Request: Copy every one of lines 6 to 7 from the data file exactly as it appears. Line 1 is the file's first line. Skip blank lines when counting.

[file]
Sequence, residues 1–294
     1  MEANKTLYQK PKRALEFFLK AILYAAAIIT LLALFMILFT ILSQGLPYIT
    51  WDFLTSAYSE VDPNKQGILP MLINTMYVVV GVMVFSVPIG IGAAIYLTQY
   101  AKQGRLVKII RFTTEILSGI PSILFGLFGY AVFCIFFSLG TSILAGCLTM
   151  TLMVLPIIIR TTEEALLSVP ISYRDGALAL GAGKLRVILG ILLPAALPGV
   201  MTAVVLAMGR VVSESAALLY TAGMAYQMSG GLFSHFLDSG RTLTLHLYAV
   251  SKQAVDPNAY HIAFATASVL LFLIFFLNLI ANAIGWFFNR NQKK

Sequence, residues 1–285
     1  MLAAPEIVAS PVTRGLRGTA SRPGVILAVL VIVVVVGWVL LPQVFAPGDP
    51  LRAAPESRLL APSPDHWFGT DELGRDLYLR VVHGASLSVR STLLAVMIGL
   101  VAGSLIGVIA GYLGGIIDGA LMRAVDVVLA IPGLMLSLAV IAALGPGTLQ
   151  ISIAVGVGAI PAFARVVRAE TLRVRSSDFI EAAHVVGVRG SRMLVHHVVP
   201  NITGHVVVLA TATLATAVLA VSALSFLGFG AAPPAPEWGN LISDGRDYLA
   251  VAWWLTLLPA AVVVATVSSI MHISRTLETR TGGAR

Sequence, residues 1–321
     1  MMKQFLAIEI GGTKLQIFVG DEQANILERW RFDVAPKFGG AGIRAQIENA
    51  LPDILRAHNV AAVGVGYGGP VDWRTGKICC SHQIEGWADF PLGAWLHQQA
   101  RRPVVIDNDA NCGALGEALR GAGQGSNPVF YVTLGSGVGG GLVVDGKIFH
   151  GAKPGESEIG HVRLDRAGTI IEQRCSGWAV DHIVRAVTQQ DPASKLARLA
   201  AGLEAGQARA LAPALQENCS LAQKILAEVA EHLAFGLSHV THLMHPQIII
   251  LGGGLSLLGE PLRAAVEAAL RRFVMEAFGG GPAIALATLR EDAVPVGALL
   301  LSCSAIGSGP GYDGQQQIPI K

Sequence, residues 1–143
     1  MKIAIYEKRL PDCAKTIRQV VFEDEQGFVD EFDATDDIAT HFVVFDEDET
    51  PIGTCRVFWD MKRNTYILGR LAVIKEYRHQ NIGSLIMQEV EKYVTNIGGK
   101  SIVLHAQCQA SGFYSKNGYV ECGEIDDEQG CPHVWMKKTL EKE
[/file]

   201  MTAVVLAMGR VVSESAALLY TAGMAYQMSG GLFSHFLDSG RTLTLHLYAV
   251  SKQAVDPNAY HIAFATASVL LFLIFFLNLI ANAIGWFFNR NQKK